- The SSL certificate should be supplied as a .crt file with a separate .key file containing the private key.
- SAFE does not support the use of Encrypted/Password protected key files.
- The SSL certificate cannot be self-signed.
- The CA certificate used to sign the SSL certificate must be trusted by the host where the Windows Agent is deployed
For Red Hat-based systems
The official Docker Community Edition (CE) is not natively supported on Red Hat systems. The alternative is the licensed Enterprise Edition (EE). If you already have a valid Docker EE license, it is recommended to use that and follow the installation guides received with the Docker license.
This guide specifies the steps to set up the Docker Community Edition (CE) that doesn’t need any license for easy setup using open source repositories.
Set up the required repositories
- Add a file named centos.repo in the directory /etc/yum.repos.d/ directory with the following contents:
[centos-extras] name=CentOS-7 extras - $basearch baseurl=http://mirror.centos.org/centos-7/7/extras/x86_64/ enabled=1 gpgcheck=1 gpgkey=http://mirror.centos.org/centos-7/7/os/x86_64/RPM-GPG-KEY-CentOS-7
- Verify the repository, but running yum repo list to ensure this new repository is added to the list.
Install docker manually
- Install the required utilities.
sudo yum install -y yum-utils
- Enable the required Docker repository.
sudo yum-config-manager \ --add-repo \ https://download.docker.com/linux/centos/docker-ce.repo
- Install Docker CE
sudo yum install docker-ce docker-ce-cli containerd.io
- If there are any prompts, accept them with a y to proceed with the installations.
To start and enable the docker service to run automatically on a server startup, run the following command:
sudo systemctl start docker sudo systemctl enable docker sudo systemctl enable containerd
For Ubuntu or other supported non-Red Hat systems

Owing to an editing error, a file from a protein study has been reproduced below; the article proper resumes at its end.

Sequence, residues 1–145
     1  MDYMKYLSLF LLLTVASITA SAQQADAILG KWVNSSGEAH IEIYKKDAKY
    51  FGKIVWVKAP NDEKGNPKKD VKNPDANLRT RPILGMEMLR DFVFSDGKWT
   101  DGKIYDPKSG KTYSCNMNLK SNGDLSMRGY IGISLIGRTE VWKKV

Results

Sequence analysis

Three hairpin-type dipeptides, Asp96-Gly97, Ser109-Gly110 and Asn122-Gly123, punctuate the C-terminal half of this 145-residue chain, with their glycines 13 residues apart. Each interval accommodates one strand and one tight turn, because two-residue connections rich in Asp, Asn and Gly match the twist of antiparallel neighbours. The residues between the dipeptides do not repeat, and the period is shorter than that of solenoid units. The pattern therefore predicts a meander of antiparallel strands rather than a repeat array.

Docker installation provides the required runtime for the Site Coordinator to execute. The simplest way to install is using the convenience script provided and maintained by Docker.
From the official links:
- The script requires root or sudo privileges to run.
To start the installation, execute the following command on the required machine.
curl -fsSL https://get.docker.com | sudo sh
- This will automatically install all the required dependencies without any manual intervention or confirmation.
- To start and enable the docker service to run automatically on a server startup, run the following command:
sudo systemctl start docker sudo systemctl enable docker sudo systemctl enable containerd.service
Non-root user setup for Docker
In order to manage docker and enable the Site Coordinator to work without a root user during its runtime, the following steps are mandatory to execute. These are taken from the official docker setup documentation.
The following commands will need sudo access to modify the user/group permissions.
sudo usermod -aG docker $USER
- If the $USER user isn’t supported in your environment, replace it with the non-root user being used.
- In order for the group permissions to reflect correctly, a re-login OR a restart is required.
- If you’re logged in via an SSH mode on the server, you can simply exit the session and re-login.
- Or simply a server restart will bring these changes into effect.
To confirm if the changes are reflected:
- Log in as a non-root user.
- Run docker info, if you get the output without any permission errors, you’re good to go.
- If you observe any system errors, ensure you have added the correct user to the docker group. You can verify this by running the groups command to see the list of groups that the currently logged-in user is a part of.
Docker-compose works alongside the Docker engine to orchestrate multiple runtime containers. Docker engine needs to be installed and running before the following commands can be executed.
From the official links:
The script requires root or sudo privileges to run.
Run the following command to install the required release of docker-compose:
sudo curl -L "https://github.com/docker/compose/releases/download/1.29.2/docker-compose-$(uname -s)-$(uname -m)" -o /usr/local/bin/docker-compose
- Apply executable permissions to the binary.
sudo chmod +x /usr/local/bin/docker-compose
- Setup the required symlinks.
sudo ln -s /usr/local/bin/docker-compose /usr/bin/docker-compose
- Test the installation.
This should show the required output, something like the following:
docker-compose version 1.29.2, build 5becea4c